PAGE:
They updated their system to ask for the number of employees and then started issuing application numbers with a “3” at the beginning.  All prior applications started with a “2” and will not be processed.  The SBA has indicated that these applicants will need to re-apply (if/when their system is reopened).

You can monitor the EIDL application system here: https://www.sba.gov/funding-programs/loans/coronavirus-relief-options/economic-injury-disaster-loan-emergency-advance

 

Stimulus payments

The IRS has two tools available to assist you with stimulus payment issues, both located here: https://www.irs.gov/coronavirus/economic-impact-payments

If you want to check on your payment status, confirm if it’s direct deposit or check, or provide direct deposit info (in some cases), you can do so using the “get your payment” tool.

If you have not been required to file a tax return in the last two years, you can provide the IRS your info to receive your payment using the “non-filers” tool.

A few other updates recently published by the IRS:

In a previous newsletter, I explained that the stimulus payment is an advanced payment of a new tax credit on the 2020 tax return.  In the past, advanced payments of credits have been subject to a reconciliation – any extra received is repaid and any underpayments are added as a refund.

However, the IRS has now stated that they are treating this advanced credit payment differently. They will not require any repayment but they will allow claims of additional credit if applicable (for example if a child is born in 2020).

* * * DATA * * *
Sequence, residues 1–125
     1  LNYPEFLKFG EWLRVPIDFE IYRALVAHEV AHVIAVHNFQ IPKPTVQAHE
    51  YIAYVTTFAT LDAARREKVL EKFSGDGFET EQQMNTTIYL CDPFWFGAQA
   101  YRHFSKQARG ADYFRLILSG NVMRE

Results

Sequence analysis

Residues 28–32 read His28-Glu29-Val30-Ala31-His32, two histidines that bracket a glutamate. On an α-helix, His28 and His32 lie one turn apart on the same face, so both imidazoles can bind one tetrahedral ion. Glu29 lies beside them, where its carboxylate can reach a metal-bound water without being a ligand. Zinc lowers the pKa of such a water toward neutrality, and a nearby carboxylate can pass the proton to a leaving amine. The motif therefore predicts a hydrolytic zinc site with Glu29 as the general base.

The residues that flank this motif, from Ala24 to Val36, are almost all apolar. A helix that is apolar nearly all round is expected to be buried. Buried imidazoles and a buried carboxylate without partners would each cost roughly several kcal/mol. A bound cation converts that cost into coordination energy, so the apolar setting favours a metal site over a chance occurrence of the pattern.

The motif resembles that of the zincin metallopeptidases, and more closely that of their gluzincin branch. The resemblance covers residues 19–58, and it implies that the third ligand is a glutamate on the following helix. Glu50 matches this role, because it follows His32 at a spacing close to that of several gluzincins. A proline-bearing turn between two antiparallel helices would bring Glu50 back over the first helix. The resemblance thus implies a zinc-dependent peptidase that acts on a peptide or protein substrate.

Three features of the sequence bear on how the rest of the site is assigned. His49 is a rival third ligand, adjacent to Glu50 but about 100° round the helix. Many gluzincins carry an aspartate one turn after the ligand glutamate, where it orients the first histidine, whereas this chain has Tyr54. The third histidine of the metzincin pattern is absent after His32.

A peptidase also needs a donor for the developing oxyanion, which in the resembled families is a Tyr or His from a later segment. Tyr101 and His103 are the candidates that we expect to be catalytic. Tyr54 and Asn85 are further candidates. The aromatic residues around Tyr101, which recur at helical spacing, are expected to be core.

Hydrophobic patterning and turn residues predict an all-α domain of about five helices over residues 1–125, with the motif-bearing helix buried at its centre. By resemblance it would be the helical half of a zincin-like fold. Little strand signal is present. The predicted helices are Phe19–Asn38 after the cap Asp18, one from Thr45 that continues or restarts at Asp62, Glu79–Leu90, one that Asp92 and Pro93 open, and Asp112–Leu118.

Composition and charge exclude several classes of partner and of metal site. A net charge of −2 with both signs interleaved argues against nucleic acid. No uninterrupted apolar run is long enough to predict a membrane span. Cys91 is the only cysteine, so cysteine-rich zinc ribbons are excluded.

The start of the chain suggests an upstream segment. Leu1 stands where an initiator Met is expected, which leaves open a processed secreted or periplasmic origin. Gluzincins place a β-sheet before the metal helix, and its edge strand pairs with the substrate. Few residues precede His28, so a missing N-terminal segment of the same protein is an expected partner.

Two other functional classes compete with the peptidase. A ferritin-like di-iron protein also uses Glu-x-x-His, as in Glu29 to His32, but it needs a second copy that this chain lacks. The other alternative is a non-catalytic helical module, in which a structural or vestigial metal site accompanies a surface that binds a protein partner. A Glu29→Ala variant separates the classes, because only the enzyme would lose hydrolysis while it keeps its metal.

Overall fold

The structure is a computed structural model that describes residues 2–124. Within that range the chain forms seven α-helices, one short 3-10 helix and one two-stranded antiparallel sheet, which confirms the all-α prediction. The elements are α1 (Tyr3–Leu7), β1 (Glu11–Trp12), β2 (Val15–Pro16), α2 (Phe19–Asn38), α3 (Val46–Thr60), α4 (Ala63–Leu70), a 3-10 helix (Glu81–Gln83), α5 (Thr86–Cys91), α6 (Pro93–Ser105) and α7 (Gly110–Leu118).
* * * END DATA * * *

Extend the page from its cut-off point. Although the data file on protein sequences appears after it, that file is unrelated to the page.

If the IRS has your bank account info on file from a previous direct deposit of a refund or for direct deposit of federal benefits (such as social security income), then they will use that bank account for your payment.  (This is the same as previously reported.)

However, if they have your bank account info from you making a direct debit payment for your tax return, they will not use that bank info.  Instead, they will mail a check, or you can use the “get your payment” tool to provide your bank info.

 

Estimated Tax Payments

The IRS updated the due date for the Quarter 2 estimated tax payment to 7/15/2020.  As a result, 2019 tax return payments, Quarter 1 and Quarter 2 estimated tax payments are all due on 7/15/2020.

 

SBDC resource website

The Small Business Development Center (SBDC) is keeping a great list of relief programs with ongoing updates.  I encourage you to monitor their resource page for additional programs and information: https://sbdc.wwu.edu/business-continuity-resources

 

Safe workplace guidelines

If your workplace is open as an essential business – or if you want to start preparing for re-opening as the Governor allows, L&I has issued the following information to assist you in ensure a safe workplace for you and your workers: https://lni.wa.gov/forms-publications/F414-164-000.pdf

 

Confirmation of your tax filing

We file your tax return after receiving your signature on the e-file authorization form. After submitting your return, we get an acknowledgment back from the IRS that your return was received.  We make this acknowledgement available to you in your secure client portal – we upload it about a week after you sign for your e-filing.   The document name will be “IRS Efile ACK 2019 [client name]”.